imperfections.Windows cut out.

7. Final flat black paint applied to rocket.

8. Silver paint applied, window frames applied with push pins.

9. Bars in windows applied as well as "mouth piece" with screws and
additional "rivets."

10. Fins and final painting detail applied.

To be honest I didn't know if this process was going to work but I figured it would be worth a try. Planning definitely helped out as well as following the measurements on the schematic. If your trying to build something, or create anything for that matter, and you find yourself not really knowing where to start, just start with what you know. I knew what I wanted to build based off of my drawings and that informed the steps I took in the construction of the rocket.

Example: Fiddlesticks! I need my rocket to be round but what materials would allow me to do this? Foam board works well for solid rudimentary shapes and card stock construction paper would fit around the form while reinforcing the structure. Yeah that sounds good! But what about gaps? I want a smooth finish. Well spackle is sand-able, maybe I could work with that to get what I want...

Of course it wasn't that simple but this form of planning is an abbreviated version of what I had to think about when building the rocket and it definitely helps when exploring creatively uncharted territories.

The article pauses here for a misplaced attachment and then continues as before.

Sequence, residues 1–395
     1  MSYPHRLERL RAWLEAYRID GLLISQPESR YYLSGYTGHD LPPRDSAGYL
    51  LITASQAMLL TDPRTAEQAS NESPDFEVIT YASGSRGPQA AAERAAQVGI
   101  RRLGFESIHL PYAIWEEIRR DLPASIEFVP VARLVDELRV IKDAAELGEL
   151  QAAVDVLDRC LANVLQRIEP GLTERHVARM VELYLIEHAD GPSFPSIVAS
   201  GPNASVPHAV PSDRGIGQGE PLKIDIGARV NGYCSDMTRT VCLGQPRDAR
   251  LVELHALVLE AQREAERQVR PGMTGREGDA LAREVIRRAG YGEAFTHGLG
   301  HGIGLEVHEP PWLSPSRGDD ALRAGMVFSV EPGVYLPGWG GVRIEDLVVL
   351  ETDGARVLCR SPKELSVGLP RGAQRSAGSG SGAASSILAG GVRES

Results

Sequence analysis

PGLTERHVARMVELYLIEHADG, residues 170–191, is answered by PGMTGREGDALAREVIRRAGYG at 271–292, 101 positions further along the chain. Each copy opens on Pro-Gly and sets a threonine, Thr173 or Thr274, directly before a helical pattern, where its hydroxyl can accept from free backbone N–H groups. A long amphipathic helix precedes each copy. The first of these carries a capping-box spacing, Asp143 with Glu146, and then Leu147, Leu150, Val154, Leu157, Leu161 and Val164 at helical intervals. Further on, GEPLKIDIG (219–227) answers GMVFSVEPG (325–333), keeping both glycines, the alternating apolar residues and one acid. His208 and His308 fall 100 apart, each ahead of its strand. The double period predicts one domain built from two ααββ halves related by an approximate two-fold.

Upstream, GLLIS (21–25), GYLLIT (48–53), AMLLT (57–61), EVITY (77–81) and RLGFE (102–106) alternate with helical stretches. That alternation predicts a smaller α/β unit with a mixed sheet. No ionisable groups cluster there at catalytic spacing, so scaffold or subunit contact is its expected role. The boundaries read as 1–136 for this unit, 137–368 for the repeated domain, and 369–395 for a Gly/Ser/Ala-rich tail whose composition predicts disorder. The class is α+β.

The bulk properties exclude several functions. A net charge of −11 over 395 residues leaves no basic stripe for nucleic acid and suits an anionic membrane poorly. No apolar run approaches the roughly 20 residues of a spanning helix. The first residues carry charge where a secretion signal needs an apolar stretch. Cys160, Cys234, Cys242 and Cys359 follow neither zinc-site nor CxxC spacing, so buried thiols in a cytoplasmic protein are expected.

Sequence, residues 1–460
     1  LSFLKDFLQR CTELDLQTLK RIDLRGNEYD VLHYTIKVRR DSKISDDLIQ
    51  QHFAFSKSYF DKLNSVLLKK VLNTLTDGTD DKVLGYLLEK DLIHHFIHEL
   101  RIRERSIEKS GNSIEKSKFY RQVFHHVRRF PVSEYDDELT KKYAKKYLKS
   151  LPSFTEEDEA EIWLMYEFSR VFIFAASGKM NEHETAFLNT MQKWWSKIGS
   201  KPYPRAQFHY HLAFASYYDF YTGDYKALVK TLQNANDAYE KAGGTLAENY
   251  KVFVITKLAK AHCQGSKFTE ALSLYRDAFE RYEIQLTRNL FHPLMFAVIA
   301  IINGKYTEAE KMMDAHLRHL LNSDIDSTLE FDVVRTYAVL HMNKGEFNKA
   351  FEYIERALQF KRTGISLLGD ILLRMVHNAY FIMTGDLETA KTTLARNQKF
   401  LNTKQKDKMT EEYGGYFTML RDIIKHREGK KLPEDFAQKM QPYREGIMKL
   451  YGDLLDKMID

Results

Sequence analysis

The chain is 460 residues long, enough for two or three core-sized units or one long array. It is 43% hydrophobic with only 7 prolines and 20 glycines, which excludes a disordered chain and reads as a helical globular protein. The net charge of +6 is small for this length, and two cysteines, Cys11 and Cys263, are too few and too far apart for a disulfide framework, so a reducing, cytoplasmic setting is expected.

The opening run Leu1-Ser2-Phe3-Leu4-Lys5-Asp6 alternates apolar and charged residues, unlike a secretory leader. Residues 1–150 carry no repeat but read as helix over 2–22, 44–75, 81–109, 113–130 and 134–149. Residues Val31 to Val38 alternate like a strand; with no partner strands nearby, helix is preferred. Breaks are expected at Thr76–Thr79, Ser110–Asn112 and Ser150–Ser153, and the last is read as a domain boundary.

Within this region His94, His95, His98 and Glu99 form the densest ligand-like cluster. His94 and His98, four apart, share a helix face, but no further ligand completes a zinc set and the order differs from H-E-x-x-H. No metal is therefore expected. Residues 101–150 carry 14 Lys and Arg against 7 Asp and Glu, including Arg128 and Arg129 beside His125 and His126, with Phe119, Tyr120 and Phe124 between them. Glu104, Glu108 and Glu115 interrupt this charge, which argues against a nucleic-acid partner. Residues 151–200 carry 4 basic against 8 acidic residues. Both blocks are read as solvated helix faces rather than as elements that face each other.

Kicking the Bucket


Working under a tight budget? Construction materials for your ideal colossal set piece to expensive? Not enough space to build, work or store large set pieces? Well your not the only one. These are many of the same issues I come up against when trying to recreate scenes set forth in my storyboards/animatic. But of course ideas on paper tend to have a little trouble translating themselves into real-life. In my case I needed a down shot of the Hollow Boy approaching the entrance of a stairwell. The following photos are the steps that I took to create the stairwell using sort of an unconventional object.

Materials used: Foam board for the stairs, aluminum wire for the
stair rails and of course the bucket for the stairwell.

1. The glorious bucket with the Hollow Boy for
size comparison.

2. Roughing out the position of the camera,
doorway and stairs inside the bucket.

3. Setting a reference line where the steps are to
be positioned.

4. Placing steps according to reference line.

5. Rough lighting and paint.


 6. Digital paint mock-up.

7. Final wall paint.

8. Final floor paint, stair rails and final lighting.

 9. Hollow Boy animation.
(Shot separately and to be scaled down in final scene). 

10. Final scene with stairwell and Hollow Boy digitally composed
in the same frame along with minor cosmetic changes.

So as you can see with a little experimentation and imagination it's possible to get some pretty interesting results just using objects found around the house. It definitely saved me from building a huge set piece that would have had to have been in proportion to the Hollow Boy's actual size. The bucket was the perfect size and shape, it only needed to be scaled up which ended up working perfectly in post.